Although protein-U in Rba. sphaeroides is unessential for dimerization of LH1–RC, recent studies have shown that protein–U plays an important role in controlling the number of αβ-subunits in an LH1–RC monomer8,9,15, a prerequisite for both LH1–RC dimer formation and stabilization. Rba. capsulatus lacks protein–U, and this likely also contributes to the unique crescent shape of its LH1 and absence of dimeric complexes. The native Rba. capsulatus LH1–RC therefore resembles the monomeric LH1–RC from Rba. sphaeroides mutant strain ΔU in overall structures8,9 (Supplementary Fig. 10), with the important distinction that the four αβ-subunits absent from the Rba. capsulatus LH1 are present in Rba. sphaeroides and associate closely with protein-U in its native Rba. sphaeroides LH1–RC (Fig. 1d). Thus, our Rba. capsulatus LH1–RC structure provides further evidence that interaction of protein–U with up to four surrounding αβ-subunits is a major mechanism for regulating the number of subunits in the Rba. sphaeroides LH1 complexes. This reflects a long-range interaction over a distance of ~ 23 Å (between protein–U and the 11th α-polypeptide) in Rba. sphaeroides.
In addition to the effect of protein–U, characteristic interactions between the Rba. capsulatus RC-M subunit and nearby LH1 α-polypeptides may also contribute to the unique crescent shape of its LH1. To better elucidate interaction patterns between the M subunit and nearby LH1 α-polypeptides (8th–10th), we mapped interactions of each LH1 α-polypeptide with different colors onto the surface of the M-subunit (Supplementary Fig. 11). In particular, the loop between membrane helices M1 and M2 in the RC-M subunit extensively affects contacts between the M subunit and LH1 α-polypeptides (Supplementary Fig. 11). As a result, the reduced arc size of the Rba. capsulatus LH1 weakens its interactions with the RC. This likely explains our ease in isolating an LH1-only complex from photosynthetic membranes of this species during purification (Supplementary Fig. 1) and the results of cryo-EM 3-D classification that showed approximately 5% of all particles to consist of LH1-only complexes (Supplementary Fig. 3a).
Although the smallest native LH1 complex yet discovered, the crescent-shaped Rba. capsulatus LH1 structure containing 10 αβ-protein subunits and 37 pigments (20 BChl a and 17 spheroidenes) will still provide a challenging target for the rapidly developing tools of protein structure prediction based on artificial intelligence, as represented by AlphaFold2 (AF2)42. This algorithm has offered up many promising results with impressive accuracy for the monomeric and oligomeric protein structures composed of a single polypeptide chain43,44,45. Recent AF-Multimer and other packages derived from AF2 have succeeded in predicting structures of several multimeric protein complexes but are still only applicable to the homo-oligomer or hetero-oligomer consisting of a few protein components46,47. In order to increase the probability of successfully predicting the structures of hetero-oligomer-containing cofactors, implementation of multimer templates with cofactors and self-distillation approaches is unavoidable, and for such purposes, LH1 structures with variable ring sizes and optimal number of pigments from Rhodobacter species are perfect model systems. When the next generation of prediction tools emerges, it might be possible to deduce the minimal structural requirements for an LH1 complex based on its amino acid sequences and pigment types. Such capability would greatly accelerate progress in dissecting the complex details of the light reactions of photosynthesis—redox biochemistry that ultimately supports all life on Earth.
Preparation and characterization of the LH1–RC complex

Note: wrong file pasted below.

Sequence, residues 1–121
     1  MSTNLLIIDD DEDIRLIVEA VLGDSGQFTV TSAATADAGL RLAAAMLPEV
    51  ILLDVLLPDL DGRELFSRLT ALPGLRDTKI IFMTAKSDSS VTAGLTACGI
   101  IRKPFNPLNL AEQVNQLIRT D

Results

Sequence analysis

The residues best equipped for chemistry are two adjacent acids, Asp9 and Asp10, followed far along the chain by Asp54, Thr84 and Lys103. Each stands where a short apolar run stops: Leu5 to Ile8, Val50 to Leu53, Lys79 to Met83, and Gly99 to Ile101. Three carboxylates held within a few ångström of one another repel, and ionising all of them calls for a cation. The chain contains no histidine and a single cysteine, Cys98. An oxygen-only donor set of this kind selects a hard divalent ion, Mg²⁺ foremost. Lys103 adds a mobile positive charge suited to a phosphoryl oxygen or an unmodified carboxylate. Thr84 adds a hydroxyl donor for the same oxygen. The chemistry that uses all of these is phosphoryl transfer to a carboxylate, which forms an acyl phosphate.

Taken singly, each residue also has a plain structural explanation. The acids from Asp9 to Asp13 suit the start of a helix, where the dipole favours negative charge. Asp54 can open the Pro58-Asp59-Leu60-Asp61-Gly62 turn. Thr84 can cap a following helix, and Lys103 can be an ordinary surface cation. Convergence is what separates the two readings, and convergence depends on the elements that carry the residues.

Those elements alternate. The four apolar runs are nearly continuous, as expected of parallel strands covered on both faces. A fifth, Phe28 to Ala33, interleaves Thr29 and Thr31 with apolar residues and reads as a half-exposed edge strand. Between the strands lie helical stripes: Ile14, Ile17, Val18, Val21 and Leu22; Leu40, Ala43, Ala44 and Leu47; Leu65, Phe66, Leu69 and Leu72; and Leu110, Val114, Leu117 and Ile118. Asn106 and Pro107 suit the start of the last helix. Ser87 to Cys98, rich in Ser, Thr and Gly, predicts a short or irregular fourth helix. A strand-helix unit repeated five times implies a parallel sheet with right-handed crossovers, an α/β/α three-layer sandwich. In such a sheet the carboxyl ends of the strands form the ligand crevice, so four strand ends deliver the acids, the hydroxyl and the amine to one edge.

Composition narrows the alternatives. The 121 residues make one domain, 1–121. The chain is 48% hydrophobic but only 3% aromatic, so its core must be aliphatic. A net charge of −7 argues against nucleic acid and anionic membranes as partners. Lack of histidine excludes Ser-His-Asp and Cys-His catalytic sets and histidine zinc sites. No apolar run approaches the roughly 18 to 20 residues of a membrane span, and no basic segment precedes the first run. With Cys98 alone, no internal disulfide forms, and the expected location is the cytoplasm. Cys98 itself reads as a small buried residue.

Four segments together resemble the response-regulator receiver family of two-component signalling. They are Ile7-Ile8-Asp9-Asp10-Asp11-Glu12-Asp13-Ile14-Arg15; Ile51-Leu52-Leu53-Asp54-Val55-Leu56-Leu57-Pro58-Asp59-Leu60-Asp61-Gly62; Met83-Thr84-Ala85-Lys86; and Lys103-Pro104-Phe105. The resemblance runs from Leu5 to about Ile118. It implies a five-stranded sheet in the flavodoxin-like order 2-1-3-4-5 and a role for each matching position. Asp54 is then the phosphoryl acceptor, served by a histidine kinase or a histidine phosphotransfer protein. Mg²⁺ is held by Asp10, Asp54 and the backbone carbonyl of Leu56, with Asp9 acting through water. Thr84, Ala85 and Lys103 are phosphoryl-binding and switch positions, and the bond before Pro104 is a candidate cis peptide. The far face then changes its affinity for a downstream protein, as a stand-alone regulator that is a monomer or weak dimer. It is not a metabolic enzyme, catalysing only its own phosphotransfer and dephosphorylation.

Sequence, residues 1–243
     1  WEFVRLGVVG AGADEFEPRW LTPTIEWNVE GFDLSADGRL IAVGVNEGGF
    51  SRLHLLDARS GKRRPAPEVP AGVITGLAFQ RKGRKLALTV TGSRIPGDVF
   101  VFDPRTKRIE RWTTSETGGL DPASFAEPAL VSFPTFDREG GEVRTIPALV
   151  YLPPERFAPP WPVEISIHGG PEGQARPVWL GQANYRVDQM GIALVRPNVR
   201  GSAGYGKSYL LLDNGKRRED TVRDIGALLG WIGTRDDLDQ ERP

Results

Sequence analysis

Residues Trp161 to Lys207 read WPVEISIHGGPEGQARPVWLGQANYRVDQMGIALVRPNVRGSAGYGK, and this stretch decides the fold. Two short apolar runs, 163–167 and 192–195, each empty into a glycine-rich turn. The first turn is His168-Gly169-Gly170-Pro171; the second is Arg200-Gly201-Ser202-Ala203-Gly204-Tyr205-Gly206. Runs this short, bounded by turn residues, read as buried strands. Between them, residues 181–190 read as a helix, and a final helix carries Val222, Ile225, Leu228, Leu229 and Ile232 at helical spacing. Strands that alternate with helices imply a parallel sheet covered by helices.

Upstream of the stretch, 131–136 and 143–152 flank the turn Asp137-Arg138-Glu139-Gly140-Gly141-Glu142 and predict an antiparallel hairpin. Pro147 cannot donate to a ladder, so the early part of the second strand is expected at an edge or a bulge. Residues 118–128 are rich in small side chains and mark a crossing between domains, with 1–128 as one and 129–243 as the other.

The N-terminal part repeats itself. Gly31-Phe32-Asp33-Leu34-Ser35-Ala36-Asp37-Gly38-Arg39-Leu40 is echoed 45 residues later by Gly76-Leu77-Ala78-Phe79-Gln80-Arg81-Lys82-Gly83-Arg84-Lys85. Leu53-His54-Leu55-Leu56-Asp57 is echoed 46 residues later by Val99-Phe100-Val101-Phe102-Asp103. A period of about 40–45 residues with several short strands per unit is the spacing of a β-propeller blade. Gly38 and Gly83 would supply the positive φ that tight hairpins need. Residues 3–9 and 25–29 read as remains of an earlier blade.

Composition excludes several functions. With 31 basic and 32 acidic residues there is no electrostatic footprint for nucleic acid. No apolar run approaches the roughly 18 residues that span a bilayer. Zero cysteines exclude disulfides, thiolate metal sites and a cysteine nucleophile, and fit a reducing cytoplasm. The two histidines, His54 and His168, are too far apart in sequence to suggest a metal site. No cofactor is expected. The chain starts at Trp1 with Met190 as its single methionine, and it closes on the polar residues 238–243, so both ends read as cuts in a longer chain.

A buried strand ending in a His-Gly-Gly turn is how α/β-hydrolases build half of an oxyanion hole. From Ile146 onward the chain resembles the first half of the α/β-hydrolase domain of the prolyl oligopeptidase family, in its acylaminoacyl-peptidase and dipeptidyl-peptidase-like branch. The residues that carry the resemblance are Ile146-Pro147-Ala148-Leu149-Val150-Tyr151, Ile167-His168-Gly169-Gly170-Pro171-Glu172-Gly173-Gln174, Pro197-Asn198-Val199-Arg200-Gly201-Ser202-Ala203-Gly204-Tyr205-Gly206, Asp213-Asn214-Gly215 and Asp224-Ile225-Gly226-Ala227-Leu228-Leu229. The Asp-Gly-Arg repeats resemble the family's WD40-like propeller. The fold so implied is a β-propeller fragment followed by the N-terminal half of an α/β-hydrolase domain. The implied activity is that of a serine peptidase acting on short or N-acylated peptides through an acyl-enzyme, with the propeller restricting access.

A culture of Rba. capsulatus NBRC16435 (type strain of the species, ATCC 11166 = DSM 1710 = NCIB 8254) was purchased from National Institute of Technology and Evaluation, Japan. Cells were cultivated phototrophically (anoxic/light) at room temperature for 5 days under incandescent light (60 W). Chromatophores (ICM) at OD850-nm = 40 were treated with 0.25% w/v lauryldimethylamine N-oxide in 20 mM Tris-HCl (pH 7.5) at room temperature for 60 min to remove excess LH2, followed by ultracentrifugation at 150,000×g at 4 °C for 90 min. LH1–RC complexes were solubilized from the pellets by 1.0% n-dodecyl β-D-maltopyranoside (DDM) at room temperature for 60 min in the same buffer, followed by ultracentrifugation at 150,000 × g at 4 °C for 90 min. The crude LH1–RC complexes were loaded onto a DEAE column (Toyopearl 650S, TOSOH) equilibrated at 8 °C with 20 mM Tris-HCl buffer (pH 7.5) containing 0.1% w/v DDM. The fractions were eluted in an order of residual LH2, LH1-only and LH1–RC by a linear gradient of CaCl2 from 0 mM to 100 mM. The LH1–RC and LH1-only fractions were collected and concentrated for absorption and circular dichroism (CD) measurements (Supplementary Fig. 1). LH1–RC complexes were assessed by negative-stain EM using a JEM-1011 instrument (JEOL) (Supplementary Fig. 2a). CD spectra were recorded on a Jasco J-720w spectropolarimeter in a range of 400–1000 nm under the conditions of 100 nm/min scan speed, 5 nm bandwidth, 1 sec response time and 5 repeated scans48. Light-induced P+/P absorption difference spectra of the LH1–RCs were obtained using a V-780 Spectrophotometer (JASCO) by subtracting spectra in the dark from those measured during 940 nm LED illumination at room temperature. Masses of the LH1 polypeptides were determined by matrix-assisted laser desorption/ionization time-of-flight mass spectroscopy (MALDI-TOF/MS)49 on a 4800 Plus MALDI TOF/TOF Analyzer (Applied Biosystems, MDS SCIEX) equipped with a nitrogen laser (337 nm). Sinapinic acid (3, 5-dimethoxy-4-hydroxy cinnamic acid) was used as matrix and was dissolved in 80% acetonitrile solution containing 0.3% TFA. Typically, the amount of LH1–RC analyzed was of 10–30 pmol. Purified LH1–RC was dissolved in 80% acetonitrile solution containing 0.1% TFA and mixed with the sinapinic acid solution in a ratio of 1:1(v/v) and then loaded onto sample stage for co-crystallization. Analysis was performed in positive and linear modes with typical laser intensity of 4150 and total 1500 shots per spectrum using 4000 Series Explore Software Version 3.5. Phospholipids in intracytoplasmic membranes were analyzed (Supplementary Fig. 6) by 31P-NMR50. The extracted phospholipids were dissolved in 500 μL of chloroform-d and mixed with 200 μL of methanol and 50 μL of 0.2 M K-EDTA solution (pH 6.0). 31P-NMR spectra were recorded at room temperature on a Bruker Biospin Avance III 500 MHz spectrometer equipped with a 5-mm broadband probe tuned to the 31 P nucleus frequency at 202.46 MHz using TopSpin software (ver. 3.6.2). The 31P-NMR spectra were acquired using inverse-gated proton decoupling (500.13 MHz) with the following parameters: 12,175 Hz sweep width, 30° pulse, 8 K data points, 0.34-s acquisition time, 1.0-s delay time and 2000 scans. 31P chemical shifts were referred to the peak of 85% H3PO4. Calibration of the 31P-NMR signals was carried out using a standard phospholipids kit (Doosan Serdary Research Laboratories, Canada) containing 10 phospholipids.